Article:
In just over a quarter of the cases, the share of teleworkers is very low (0 to 10%). This is particularly the case in the non-food retail sector: 46% of respondents in this sector report that less than 10% of their employees can work remotely.
Significant impact on cashflow
While 27.3% of respondents at least partially operational reported a loss of turnover of between 0 and 20%, more than 40% of them reported a loss of at least half of their turnover. In the majority of cases (54.7%), the loss of revenue is related to project or order postponements, but in 35.1% of cases it is a deadweight loss. This has a significant impact on liquidity, with 27% of respondents reporting that they have been short of reserves since 15 April. 72% of the respondents from the hospitality and catering sector have said that they will run out of reserves as of 1 May. Out of all the businesses (all sectors combined) that answered the question, ‘How much do you estimate your monthly liquidity needs during this crisis?’ The hospitality and catering sector came to a median monthly requirement of EUR 18,000. It should be noted that 5% of respondents have a monthly need of more than EUR 350,000.
Recourse to partial unemployment is the measure most used by businesses surveyed regarding their staff. At the time of the survey (8 to 15 April), redundancies for economic reasons were still the exception. More than 50% of the respondents intend to apply for partial unemployment, grants, cancellation of advances or deferment of tax payments and measures in respect of social security contribution payments.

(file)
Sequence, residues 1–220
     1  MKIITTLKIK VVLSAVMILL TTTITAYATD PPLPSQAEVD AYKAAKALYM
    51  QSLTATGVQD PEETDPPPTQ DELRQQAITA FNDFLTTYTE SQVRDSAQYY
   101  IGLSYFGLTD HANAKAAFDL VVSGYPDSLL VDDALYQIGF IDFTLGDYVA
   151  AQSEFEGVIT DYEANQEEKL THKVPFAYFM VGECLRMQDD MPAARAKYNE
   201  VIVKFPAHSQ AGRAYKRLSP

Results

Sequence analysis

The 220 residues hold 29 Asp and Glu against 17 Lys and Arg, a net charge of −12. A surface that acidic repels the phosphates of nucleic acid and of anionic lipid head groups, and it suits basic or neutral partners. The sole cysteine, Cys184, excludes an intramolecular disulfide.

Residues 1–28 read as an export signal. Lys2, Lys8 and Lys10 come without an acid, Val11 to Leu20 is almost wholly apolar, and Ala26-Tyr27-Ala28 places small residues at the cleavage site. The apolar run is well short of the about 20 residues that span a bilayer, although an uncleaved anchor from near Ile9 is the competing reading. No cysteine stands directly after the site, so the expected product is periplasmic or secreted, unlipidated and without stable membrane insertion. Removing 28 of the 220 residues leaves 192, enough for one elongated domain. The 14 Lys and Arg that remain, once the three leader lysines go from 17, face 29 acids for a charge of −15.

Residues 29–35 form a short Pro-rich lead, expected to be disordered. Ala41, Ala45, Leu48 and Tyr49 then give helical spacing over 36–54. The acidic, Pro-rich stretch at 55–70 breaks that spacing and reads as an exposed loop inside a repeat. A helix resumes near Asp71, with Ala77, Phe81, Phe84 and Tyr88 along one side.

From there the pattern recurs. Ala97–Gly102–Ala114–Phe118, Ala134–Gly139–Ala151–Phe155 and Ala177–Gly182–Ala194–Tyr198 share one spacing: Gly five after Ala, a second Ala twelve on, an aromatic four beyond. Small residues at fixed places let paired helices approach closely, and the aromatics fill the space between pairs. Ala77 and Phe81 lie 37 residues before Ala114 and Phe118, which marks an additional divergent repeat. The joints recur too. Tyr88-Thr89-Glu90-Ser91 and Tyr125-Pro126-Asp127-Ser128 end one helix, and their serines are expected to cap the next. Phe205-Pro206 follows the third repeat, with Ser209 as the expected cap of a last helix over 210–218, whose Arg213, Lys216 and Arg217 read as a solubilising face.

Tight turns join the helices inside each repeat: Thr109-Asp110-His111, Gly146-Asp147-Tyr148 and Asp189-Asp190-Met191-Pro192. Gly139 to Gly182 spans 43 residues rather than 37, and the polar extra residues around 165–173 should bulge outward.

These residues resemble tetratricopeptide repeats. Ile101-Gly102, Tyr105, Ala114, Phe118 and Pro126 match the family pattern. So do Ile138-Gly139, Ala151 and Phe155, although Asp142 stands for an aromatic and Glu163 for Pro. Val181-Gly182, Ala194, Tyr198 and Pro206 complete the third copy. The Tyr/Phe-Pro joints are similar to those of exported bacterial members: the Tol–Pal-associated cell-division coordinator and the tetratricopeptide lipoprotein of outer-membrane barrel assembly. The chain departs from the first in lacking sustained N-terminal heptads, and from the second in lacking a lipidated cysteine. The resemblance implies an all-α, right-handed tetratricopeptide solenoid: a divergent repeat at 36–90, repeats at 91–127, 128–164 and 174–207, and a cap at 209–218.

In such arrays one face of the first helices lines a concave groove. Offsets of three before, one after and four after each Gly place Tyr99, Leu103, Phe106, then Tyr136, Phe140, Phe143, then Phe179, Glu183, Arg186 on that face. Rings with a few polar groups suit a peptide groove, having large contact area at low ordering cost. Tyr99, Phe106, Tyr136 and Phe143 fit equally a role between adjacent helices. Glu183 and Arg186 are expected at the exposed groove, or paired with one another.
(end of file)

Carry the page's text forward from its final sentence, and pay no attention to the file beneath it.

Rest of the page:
Uncertain about the future
In this context, businesses feel moderately well informed about the aid to which they are entitled. Their main sources of information are the Chamber of Commerce (website, helpline, House of Entrepreneurship), the press, and government communications.
For most of the businesses surveyed, the measures taken by the government so far will not be sufficient to help them overcome the crisis. Uncertainty about the future prevails for the most part, with the most worried sectors being hospitality and catering, construction, information and communication, and non-food retail.
Concerning the ability to restart their business quickly if the containment ends, just over 30% of respondents say that it will take them more than 10 days. These businesses operate mainly in non-food retail and the hospitality and catering sectors, where a decision on a possible reopening will not be considered until 11 May at the earliest. It is precisely these sectors that present the greatest difficulties in terms of liquidity. 6 out of 10 businesses in the non-food retail sector and 7 out of 10 in the hospitality and catering sector will be short of cash as of 1 May.
On a positive note, nearly 2/3 of respondents say they have prepared a business recovery plan.
Extending and increasing direct aid measures to ensure business survival